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Unappealable win for insurers in energy construction claim

Unappealable win for insurers in energy construction claim | Insurance Business

Unappealable win for insurers in energy construction claim

A nearly decade-old dispute involving insurers represented by UK-headquartered firm Clyde & Co has now been put to rest.

The US$470 million energy construction claim, which was notified by Noreco against a group of international insurers in 2009, saw an initial win for the Norwegian energy company at the Danish Maritime and Commercial Court in December 2016. The judgment, however, was reversed in May 2018.

The case centred on Noreco’s assertion that its all-risk insurance policy should pay for damage to the Siri oil platform in the Danish sector of the North Sea. Following the May ruling, the company applied for permission to appeal to the Danish Supreme Court. This week the Appeals Permission Board declined the application.

“The High Court judgment therefore now stands as good law in Denmark,” noted Clyde & Co when it announced the development. “The main coverage finding was that the fatigue damage to the platform had occurred long before any of the policies on risk in the proceedings, such that no cover fell due.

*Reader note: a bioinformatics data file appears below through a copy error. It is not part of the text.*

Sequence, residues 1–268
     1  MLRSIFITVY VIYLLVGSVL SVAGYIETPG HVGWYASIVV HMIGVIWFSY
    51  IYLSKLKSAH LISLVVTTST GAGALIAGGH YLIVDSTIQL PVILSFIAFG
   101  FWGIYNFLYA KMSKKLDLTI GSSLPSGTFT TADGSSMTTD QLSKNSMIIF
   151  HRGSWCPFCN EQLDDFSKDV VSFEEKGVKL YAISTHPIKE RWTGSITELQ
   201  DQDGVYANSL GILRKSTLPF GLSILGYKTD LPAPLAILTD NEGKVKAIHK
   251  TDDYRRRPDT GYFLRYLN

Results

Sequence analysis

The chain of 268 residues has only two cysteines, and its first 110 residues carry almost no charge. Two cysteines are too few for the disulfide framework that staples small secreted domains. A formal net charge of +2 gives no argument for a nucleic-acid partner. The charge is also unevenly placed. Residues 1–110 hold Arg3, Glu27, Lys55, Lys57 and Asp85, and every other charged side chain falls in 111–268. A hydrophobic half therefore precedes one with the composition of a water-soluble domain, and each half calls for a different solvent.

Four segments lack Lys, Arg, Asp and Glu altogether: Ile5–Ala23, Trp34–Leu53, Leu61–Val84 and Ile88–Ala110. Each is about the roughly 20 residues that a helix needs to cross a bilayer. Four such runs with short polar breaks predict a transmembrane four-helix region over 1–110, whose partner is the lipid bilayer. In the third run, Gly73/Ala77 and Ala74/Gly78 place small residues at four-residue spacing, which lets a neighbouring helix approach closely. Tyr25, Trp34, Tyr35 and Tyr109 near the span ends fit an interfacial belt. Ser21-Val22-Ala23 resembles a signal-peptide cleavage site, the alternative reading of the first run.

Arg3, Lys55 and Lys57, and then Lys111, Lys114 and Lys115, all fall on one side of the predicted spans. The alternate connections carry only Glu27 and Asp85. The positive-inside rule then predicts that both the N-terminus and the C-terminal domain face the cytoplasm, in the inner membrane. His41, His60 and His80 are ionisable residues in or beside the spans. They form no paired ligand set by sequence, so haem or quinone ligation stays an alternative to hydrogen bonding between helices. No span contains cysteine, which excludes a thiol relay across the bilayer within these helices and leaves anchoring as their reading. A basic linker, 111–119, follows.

“The High Court ruled that some limited elements of the early costs were recoverable as ‘sue and labour’, and this award amounts to US$12.5 million plus interest. The High Court made a costs award of US$4 million in favour of insurers, and these costs will now be set off against the judgment sums.”

The global law firm described the decision of the Appeals Permission Board as final and unappealable.

The concerned insurers include QBE, AIG, Lancashire, AXA XL, Zurich, and Gard. Led by partner Nigel Chapman and associates Anna Myrvang and Sophie Shiffman, the Clyde & Co team also worked with Copenhagen law firms Nielsen Norager and Poul Schmith.

“We are very pleased finally to have brought this long-running dispute to a close, and at a figure comfortably within our original assessment of exposure even including costs expended,” commented Chapman. “Following the adverse first instance judgment in 2016, clients were carrying significant reserves which can now be released, providing those insurers with a good start to the fourth quarter 2018.”